Still, they have encountered some minor problems. One bulb burned out on the day of purchase, but the seller replaced it. Another burned out during the first year, after only a small fraction of its advertised 10,000-hour life. The Coxons had to absorb the cost of that one.

In the course of choosing compact fluorescent lights, the Coxons had to think about their true lighting needs. Since incandescents with equivalent light use about four times as much electricity, the estimated savings in electricity is 90 kWh (per winter month), Pam explained, Our actual PG&E records show that we saved a bit more than this, about 100 kWh. This discrepancy is most likely due to some downsizing of our light output. We had a number of 150W incandescents, which we replaced with compact fluorescents with substantially lower light output, and correspondingly greater savings in electricity.

Since this experiment has a sample size of one, we cannot separate technological from behavioral changes. It is clear, though, that the winter electricity use from 1989- 1990 to 1990-1991 drops by about 100 kWh, equivalent to the savings from those 20 compact fluorescents, assuming average daily use of around 2-3 hours each.

The Next Step: A Super-Efficient 'Fridge
The Coxons did not stop there. Once their lighting electricity use was about as low as it could get, they realized that their 12 ft3, '50s vintage refrigerator had all along been the largest single electricity guzzler in the house. After finding a home for it at a local school, they decided in August 1991 to go for the most efficient replacement they could find-a refrigerator-freezer hand-built by Sun Frost, of Arcata, Calif. According to a 1987 study by the California Energy Commission, the 12 ft3 model the Coxons bought uses 350 kWh per year, about one half the electricity of a typical equivalent energy-efficient refrigerator. The Coxons eventually want to convert to a solar powered version.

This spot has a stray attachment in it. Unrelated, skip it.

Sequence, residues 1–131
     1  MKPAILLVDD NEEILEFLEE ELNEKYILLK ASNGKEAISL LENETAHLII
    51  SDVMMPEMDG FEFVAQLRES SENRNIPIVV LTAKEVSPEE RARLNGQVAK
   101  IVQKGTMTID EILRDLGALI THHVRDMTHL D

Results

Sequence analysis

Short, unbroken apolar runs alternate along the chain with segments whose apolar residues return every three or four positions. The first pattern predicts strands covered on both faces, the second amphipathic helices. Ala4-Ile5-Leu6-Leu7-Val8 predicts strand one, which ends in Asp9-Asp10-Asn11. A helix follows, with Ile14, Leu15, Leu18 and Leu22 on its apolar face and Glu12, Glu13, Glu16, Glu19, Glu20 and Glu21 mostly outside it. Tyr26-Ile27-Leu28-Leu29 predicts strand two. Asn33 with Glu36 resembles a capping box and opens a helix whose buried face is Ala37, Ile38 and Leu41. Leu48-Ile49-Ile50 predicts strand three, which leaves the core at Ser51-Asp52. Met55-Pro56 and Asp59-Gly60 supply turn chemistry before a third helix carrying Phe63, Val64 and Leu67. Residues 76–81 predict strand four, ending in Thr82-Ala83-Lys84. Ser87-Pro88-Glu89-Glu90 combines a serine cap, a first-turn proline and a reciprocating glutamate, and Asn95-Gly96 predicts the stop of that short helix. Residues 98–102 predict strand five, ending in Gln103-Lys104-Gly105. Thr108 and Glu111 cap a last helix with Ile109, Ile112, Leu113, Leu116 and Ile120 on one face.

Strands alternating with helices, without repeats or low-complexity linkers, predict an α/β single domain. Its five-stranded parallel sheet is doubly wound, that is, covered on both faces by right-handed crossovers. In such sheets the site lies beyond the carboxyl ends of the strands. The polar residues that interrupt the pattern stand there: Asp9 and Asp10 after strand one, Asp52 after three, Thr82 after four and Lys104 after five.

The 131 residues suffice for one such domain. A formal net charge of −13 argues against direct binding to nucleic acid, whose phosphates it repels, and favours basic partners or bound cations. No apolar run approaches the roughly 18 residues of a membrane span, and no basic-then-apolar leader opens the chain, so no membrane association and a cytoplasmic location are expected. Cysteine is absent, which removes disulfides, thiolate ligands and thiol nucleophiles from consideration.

Immediately they saw a dramatic drop in electricity use (see Figure 1). A Sun Frost costs about $1,750, though, so the extra energy savings over a more typical efficient unit (650-700 kWh/year, $800) yields a simple payback of around 30 years, too long to justify the purchase on economic grounds alone. But the Coxons are highly motivated and feel satisfied having bought the Sun Frost, and adjusting to its lower, wider profile was not at all difficult.

Lessons from One Family

After replacing a handful of the most-used incandescent bulbs in the Coxons' home with compact fluorescents, a typical utility auditor would have considered their home retrofitted. They did, though, succeed in achieving twice the savings we would expect from a typical household. We can see the possibilities for the future in the Coxons' self-documented example. It just takes people like the Coxons to demonstrate energy savings and get the efficiency ball rolling.

-Andrew McAllister


Figure 1